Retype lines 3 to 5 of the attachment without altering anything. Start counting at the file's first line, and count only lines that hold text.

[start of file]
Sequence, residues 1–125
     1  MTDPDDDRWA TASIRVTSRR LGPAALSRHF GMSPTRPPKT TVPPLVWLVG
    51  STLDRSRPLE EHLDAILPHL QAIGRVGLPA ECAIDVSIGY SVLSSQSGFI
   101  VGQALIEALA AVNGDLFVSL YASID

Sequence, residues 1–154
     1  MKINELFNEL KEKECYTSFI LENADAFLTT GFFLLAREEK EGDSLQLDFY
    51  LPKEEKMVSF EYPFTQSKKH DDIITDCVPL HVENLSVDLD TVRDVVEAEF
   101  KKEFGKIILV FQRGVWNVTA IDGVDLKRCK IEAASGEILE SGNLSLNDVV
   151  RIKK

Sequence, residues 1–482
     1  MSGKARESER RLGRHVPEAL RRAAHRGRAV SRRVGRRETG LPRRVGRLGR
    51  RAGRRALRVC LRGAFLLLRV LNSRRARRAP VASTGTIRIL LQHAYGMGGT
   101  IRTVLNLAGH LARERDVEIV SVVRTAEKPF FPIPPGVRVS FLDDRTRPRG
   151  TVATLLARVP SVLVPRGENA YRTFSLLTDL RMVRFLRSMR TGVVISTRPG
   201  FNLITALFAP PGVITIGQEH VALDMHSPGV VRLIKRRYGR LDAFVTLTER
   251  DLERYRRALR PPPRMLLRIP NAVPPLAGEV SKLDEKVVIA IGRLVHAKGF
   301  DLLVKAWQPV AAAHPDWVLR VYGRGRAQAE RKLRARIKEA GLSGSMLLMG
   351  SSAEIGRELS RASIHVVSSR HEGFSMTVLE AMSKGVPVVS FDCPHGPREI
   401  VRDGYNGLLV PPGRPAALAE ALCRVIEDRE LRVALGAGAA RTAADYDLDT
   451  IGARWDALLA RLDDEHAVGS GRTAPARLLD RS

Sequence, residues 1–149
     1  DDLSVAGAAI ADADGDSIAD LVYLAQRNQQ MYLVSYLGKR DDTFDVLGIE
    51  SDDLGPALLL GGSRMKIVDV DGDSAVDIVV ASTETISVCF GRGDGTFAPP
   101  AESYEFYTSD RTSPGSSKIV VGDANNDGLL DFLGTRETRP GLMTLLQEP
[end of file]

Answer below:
    51  STLDRSRPLE EHLDAILPHL QAIGRVGLPA ECAIDVSIGY SVLSSQSGFI
   101  VGQALIEALA AVNGDLFVSL YASID

Sequence, residues 1–154